Local amenities and tourist atttractions
For most things you need go no further that Churchstoke Shopping Centre just 2 miles along the road from Daisy Bank. Here you will find a good sized CO-OP, butchers, Post Office, and Petrol Ststion. There is also Claire Austins Plant Centre, M and Co, hairdresser, pound store and a café.
Bishops Castle, has a small but very good CO-OP, a Butcher, hairdressers and some independent retailers. Bishops Castle is also home to 2 micro Brewerys in The Threes Tuns and The Six Bells, as well as Tescos, Sainsburys, Morrisons and Aldi can be found in Welshpool. Tesco, Morrisons, Iceland and Lidl are in Newtown.
Eating and Drinking
Enjoy fresh farm produce, locally reared meat, home cooked food and traditional ales:
The Three Tuns, Bishops Castle. Traditional brewery, restaurant and cosy bars.
Castle Hotel, restaurant and gardens with views over Bishops Castle.
The Boars Head, Bishops Castle. Friendly, olde worlde pub with great menu.
The Six Bells, Bishops Castle, brews fine beers, serves good food.
The Bridges at Ratlinghope is perfect after a long walk with the dog
You’ll also find details of Fish & Chip, Balti, and Chinese restaurants in our information hut.
Taxis & Car Hire
A local taxi is available, Ros Gromov: 07551825931/2.
Fishing is available along the River Severn and its tributaries between Newtown and Welshpool. The Montgomery Canal is also popular and requires a club fishing permit. Coarse fishing lakes are listed on the Welshpool website.
Local golf courses;
- Lakeside Golf, Garthmyl
- Welshpool Golf Club, Welshpool
- St Giles Golf Club, Newtown
The park’s location between Bishops Castle, Shropshire and Churchstoke in mid Wales is ideal for touring the Shropshire Hills, ‘March’ towns along the Wales border, ancient castles and quaint villages. The Welsh coast is just an hour’s drive. Click the links for more about touring Shropshire and Wales.
Heather clad Shropshire hills rise behind Daisy Bank onto plateaus and rocky crags, rewarding walkers with many wildlife habitats and views across the Shropshire plain.
The Stiperstones outcrop includes The Devil’s Chair, Nipstone Rock and Mytton Dingle.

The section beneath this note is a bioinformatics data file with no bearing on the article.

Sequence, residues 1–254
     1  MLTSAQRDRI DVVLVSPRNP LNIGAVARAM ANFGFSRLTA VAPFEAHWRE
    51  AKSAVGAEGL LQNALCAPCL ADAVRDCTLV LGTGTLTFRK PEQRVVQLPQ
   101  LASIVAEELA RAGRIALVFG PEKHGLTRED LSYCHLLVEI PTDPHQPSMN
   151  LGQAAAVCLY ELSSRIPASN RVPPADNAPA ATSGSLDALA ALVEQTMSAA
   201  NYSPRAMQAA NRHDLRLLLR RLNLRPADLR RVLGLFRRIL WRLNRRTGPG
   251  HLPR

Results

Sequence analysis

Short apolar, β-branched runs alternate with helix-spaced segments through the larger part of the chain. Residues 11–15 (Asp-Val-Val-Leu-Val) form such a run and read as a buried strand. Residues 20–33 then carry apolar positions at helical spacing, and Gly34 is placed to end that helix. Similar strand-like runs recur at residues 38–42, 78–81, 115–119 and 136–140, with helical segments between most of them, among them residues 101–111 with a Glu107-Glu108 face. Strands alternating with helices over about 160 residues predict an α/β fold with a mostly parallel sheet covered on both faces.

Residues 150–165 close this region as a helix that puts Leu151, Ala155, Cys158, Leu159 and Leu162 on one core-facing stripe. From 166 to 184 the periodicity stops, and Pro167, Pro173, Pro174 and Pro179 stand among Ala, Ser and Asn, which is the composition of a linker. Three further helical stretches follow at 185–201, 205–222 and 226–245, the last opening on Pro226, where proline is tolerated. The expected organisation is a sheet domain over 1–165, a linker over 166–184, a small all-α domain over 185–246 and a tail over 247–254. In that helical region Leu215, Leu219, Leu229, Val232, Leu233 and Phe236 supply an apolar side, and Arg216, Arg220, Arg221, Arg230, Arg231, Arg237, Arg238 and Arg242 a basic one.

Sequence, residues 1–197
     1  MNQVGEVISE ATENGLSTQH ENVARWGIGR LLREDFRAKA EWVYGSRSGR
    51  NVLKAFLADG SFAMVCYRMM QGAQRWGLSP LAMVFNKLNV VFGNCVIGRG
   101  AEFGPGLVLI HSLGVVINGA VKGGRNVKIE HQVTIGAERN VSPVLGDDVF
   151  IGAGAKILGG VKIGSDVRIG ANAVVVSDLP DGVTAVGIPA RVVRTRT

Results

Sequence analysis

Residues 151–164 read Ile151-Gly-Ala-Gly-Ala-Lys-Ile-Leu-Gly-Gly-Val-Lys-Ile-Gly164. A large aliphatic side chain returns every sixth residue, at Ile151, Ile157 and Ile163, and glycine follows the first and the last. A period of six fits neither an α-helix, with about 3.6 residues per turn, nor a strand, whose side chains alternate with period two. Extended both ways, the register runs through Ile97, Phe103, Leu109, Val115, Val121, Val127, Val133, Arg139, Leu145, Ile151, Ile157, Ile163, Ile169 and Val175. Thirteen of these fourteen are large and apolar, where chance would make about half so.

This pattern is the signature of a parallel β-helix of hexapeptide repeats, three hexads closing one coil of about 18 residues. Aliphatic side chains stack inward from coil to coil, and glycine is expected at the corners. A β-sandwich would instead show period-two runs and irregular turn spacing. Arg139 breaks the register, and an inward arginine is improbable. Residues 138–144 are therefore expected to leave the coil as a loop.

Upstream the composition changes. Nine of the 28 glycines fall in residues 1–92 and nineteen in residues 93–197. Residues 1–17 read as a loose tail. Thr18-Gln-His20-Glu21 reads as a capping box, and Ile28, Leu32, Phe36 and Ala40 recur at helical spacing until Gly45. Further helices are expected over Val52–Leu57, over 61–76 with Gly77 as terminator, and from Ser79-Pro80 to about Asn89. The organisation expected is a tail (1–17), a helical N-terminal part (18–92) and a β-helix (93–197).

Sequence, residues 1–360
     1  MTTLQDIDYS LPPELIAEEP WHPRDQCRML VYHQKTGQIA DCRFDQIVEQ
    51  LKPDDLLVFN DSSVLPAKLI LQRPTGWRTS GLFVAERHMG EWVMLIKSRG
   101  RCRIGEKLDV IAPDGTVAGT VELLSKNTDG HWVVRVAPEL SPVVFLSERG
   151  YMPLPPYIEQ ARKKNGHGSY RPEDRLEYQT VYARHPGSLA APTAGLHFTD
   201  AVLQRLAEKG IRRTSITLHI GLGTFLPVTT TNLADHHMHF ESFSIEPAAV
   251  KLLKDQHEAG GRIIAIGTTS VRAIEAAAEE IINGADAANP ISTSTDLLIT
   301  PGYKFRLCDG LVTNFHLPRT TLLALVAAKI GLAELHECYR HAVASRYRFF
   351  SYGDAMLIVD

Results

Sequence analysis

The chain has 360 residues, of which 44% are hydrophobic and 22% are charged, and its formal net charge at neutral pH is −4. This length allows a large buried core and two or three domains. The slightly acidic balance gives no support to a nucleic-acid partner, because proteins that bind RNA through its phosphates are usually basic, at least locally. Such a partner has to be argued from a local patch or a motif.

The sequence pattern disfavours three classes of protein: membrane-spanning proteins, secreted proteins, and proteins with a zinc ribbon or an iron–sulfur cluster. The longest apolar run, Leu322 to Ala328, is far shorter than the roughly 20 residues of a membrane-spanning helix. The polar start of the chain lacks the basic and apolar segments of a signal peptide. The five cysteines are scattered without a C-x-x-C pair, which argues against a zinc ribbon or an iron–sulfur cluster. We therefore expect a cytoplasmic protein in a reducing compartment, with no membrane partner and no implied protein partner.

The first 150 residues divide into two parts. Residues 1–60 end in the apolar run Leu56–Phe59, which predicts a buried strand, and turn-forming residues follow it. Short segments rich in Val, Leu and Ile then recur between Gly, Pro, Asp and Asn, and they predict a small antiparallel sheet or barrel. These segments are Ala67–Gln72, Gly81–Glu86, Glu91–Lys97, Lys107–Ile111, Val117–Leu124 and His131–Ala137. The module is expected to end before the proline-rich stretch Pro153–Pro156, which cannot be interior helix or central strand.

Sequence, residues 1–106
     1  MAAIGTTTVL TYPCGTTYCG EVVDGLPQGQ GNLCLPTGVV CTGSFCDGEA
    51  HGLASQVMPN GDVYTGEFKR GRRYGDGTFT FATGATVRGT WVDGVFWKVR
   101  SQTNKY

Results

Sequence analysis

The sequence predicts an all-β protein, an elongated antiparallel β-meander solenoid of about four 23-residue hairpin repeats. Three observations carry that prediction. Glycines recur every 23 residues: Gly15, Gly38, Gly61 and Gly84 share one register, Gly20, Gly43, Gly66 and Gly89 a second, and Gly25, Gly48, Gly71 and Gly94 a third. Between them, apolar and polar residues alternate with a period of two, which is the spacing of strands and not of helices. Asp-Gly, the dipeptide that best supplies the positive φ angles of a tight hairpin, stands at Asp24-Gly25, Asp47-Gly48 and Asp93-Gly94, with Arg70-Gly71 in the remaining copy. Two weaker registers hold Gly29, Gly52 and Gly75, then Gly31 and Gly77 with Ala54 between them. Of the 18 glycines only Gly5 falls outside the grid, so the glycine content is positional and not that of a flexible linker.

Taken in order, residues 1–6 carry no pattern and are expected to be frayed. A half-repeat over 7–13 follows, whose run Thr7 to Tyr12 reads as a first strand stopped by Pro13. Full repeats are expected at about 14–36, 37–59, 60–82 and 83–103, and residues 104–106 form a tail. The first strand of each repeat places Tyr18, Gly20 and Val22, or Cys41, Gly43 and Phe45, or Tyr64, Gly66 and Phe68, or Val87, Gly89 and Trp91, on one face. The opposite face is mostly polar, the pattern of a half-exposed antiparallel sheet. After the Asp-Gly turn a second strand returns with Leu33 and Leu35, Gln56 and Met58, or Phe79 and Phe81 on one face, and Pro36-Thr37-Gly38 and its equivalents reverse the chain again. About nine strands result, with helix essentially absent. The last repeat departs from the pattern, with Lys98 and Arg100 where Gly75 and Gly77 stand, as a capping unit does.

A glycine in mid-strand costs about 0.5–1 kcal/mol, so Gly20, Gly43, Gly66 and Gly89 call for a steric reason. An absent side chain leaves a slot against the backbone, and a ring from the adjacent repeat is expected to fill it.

The Long Mynd is usually reached from Carding Mill Valley (NT), Three main walking routes are near to Daisy Bank, The Shropshire Way, Kerry Ridgeway and Offa’s Dyke Path.
Rural towns and hamlets nestle in the valleys around the touring park, their castles evidence of turbulence along the Wales – Shropshire border. Festivals and country fairs are a feature of the area.
Bishops Castle is an attractive hillside market town with local breweries, many inns and curios.
Clun is a pretty river crossing with remains of a Norman castle. Visit Craven Arms for Stokesay Castle, a fine medieval fortified
Church Stretton, like Clun and Bishops Castle, is a centre for walking routes.
Further afield, Ironbridge, tells of the industrial revolution through its magnificent River Severn bridge and museums. Ludlow’s annual food festival adds to its reputation for dining and shopping. It has an impressive castle and riverside.
March Town of Wales
‘Marches’ are market towns along the Wales border.
Montgomery is a ‘step back in time’ with traditional shops overlooked by a ruined castle.
Welshpool is a lively centre where the Montgomery canal, coastal roads and railway all meet. Powys Castle and its magnificent gardens can be reached from the town centre. Welshpool is also the terminus of the Llanfair steam railway, a scenic 16 mile trip.
In the town, you can watch colourful narrow boats along the canalside walk and visit the Powysland museum.
Wales; mountains and coast
Touring mid Wales is easy from Daisy Bank caravan park. Within a scenic hours’ drive are;
- Rhyader, Red Kite centre
- Lake Vyrnwy and RSPB nature reserves
- Mawddach Estuary
- Cambrian Mountains
Bishop’s Castle and Clun are excellent centres for exploring the unspoilt hill country of the area – most of it in the Shropshire Hills Area of Outstanding Natural Beauty.Well way marked paths go through many of the hillside and valley villages of the Rivers Clun and Upper Onny, making walking straight from the towns and villages a real pleasure. Both towns are on Shropshire Way, a short distance from the Offa’s Dyke Path, a national trail, and near the pre-bronze age Kerry Ridgeway.).
Bishop’s Castle and Clun are “Walkers are Welcome” towns, two of six in the Shropshire Hills, and a special effort is made to ensure public footpaths are in good order – download walks from www.bishopscastle .co.uk/walks-in-the-area